Cardinal criticizes expanded NIH funding rules for stem-cell research

WASHINGTON -- The head of the U.S. bishops' Committee on Pro-Life Activities said final guidelines for funding human embryonic stem-cell research are "even broader" than the draft guidelines issued by the National Institutes of Health and he asked Americans to contact their members of Congress, "urging them not to codify or further expand this unethical policy."

In a statement issued late July 7, Cardinal Justin Rigali of Philadelphia also criticized NIH for ignoring "the comments of tens of thousands of Americans opposing the destruction of innocent human life for stem-cell research."

"Even comments filed by the Catholic bishops' conference and others against specific abuses in the draft guidelines were not addressed," he added. "Existing federal law against funding research in which human embryos are harmed or destroyed is not given due respect here."

In a telephone briefing with the media July 6, the day before the final guidelines took effect, NIH acting director Dr. Raynard S. Kington said 30,000 of the approximately 49,000 comments received by NIH during a monthlong period of public comment opposed any federal funding of such research.

But those responses were "deemed not responsive to the question put forth," Kington said. "We did not ask them whether" to fund such research, "but how it should be funded."

Richard M. Doerflinger, associate director of the U.S. bishops' Secretariat of Pro-Life Activities, said it was "disingenuous (for Kington) to say that comments criticizing the guidelines overall were to be ignored."

The 30,000 individuals or organizations that made comments in opposition to federal funding of embryonic stem-cell research were saying, "You're not responding to what the American people want. Start over," Doerflinger added.

The U.S. Conference of Catholic Bishops and its affiliated organization, the National Committee for a Human Life Amendment, directed 9,436 comments to NIH about the draft guidelines before the May 26 close of the public comment period, according to Deirdre A. McQuade, assistant director for policy and communications in the pro-life secretariat.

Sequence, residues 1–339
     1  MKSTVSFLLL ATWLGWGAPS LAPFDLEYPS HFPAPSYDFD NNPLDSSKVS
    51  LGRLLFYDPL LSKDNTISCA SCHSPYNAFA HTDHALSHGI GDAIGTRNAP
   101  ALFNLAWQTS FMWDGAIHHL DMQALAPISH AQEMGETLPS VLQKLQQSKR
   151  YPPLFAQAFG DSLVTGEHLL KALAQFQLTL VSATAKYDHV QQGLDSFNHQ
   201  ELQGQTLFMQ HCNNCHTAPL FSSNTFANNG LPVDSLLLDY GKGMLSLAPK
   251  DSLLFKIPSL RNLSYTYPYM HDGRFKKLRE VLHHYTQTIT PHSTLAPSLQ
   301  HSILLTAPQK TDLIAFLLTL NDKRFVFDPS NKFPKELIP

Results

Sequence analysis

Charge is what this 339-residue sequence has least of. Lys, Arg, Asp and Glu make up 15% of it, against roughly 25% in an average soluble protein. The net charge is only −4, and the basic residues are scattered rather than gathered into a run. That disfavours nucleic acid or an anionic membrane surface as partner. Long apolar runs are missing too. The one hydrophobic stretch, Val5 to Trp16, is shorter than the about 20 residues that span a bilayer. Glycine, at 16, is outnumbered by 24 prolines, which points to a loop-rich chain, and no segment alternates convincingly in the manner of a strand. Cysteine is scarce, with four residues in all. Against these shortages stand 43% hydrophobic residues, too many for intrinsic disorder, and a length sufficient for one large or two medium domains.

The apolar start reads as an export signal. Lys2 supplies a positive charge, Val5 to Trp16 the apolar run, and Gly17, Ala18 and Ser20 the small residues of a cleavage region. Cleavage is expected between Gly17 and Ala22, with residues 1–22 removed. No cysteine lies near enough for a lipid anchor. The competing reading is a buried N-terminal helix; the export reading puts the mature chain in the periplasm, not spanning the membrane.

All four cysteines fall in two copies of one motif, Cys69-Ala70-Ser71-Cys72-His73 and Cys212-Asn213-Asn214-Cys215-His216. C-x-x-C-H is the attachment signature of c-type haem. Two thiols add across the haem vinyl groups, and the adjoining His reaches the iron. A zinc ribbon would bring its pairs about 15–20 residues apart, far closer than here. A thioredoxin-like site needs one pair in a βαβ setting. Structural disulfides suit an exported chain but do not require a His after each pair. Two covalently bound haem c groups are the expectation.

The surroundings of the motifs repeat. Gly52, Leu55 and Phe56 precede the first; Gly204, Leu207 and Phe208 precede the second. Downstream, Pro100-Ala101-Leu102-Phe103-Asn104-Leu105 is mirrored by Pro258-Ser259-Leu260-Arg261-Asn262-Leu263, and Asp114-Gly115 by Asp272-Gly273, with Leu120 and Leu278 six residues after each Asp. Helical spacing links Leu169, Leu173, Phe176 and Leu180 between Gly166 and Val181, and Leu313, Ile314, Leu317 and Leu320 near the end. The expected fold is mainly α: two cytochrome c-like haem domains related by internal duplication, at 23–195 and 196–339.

NIH's final guidelines are not significantly different from the draft guidelines published April 23 and open for public comment until May 26.

The draft guidelines allowed the use of federal funds for embryonic stem-cell research only on embryos created for reproductive purposes at in vitro fertilization clinics and no longer needed for that purpose. They set standards for voluntary informed consent by those donating the embryos, and said no NIH funds would be given for research that did not meet the standards.

The final guidelines, however, set up an "alternative pathway" for approval of funding of research involving embryos donated before the new guidelines took effect or involving stem-cell lines developed in foreign countries. A working group made up of about 10 scientists and ethicists will look at each such application on a case-by-case basis, Kington said, to determine whether it meets "the core principles of voluntary informed consent."

Like the draft, the final guidelines specifically ban funding for "research using human embryonic stem cells derived from other sources, including somatic cell nuclear transfer, parthenogenesis and/or IVF embryos created for research purposes."

Also prohibited is funding of research in which stem cells "are introduced into nonhuman primate blastocysts" or research "involving the breeding of animals where the introduction of human embryonic stem cells or human-induced pluripotent stem cells may contribute to the germ line."

The final guidelines also call for the establishment of "a new registry listing human embryonic stem cells eligible for NIH-funded research."

Among the requirements for informed consent set by the guidelines are:

  • No payments for donated embryos.

  • "All options available in the health care facility where treatment was sought pertaining to the embryos" have been explained to the donor or donors.

  • The researcher must not influence donors' decisions and should not be the same person as the attending physician "unless separation was not practicable."

  • Donors must be told that the embryos will be used for stem-cell research, that the donors will receive no commercial or direct medical benefit from the donation, that the embryos may be kept for many years and that they can withdraw consent at any time until the embryos are used.

But Bill Donohue, president of the Catholic League for Religious and Civil Rights, said supporters of embryonic stem-cell research "hide behind ethical requirements to justify using tax dollars for destroying nascent human life."

"Such guidelines beg the question: If there is no moral dimension to destroying human embryos, why is there a need for ethics rules?" Donohue said in a July 7 statement. "While the answer is obvious to people who understand that life begins at conception, advocates of embryo destruction give lip service to ethics while simultaneously pretending that there is no moral issue."

Rigali said the debate over embryonic stem-cell research "now shifts to Congress, where some members have said even this policy does not go far enough in treating some human beings as objects to be created, manipulated and destroyed for others' use."

"I hope Americans concerned about this issue will write to their elected representatives, urging them not to codify or further expand this unethical policy," he added.

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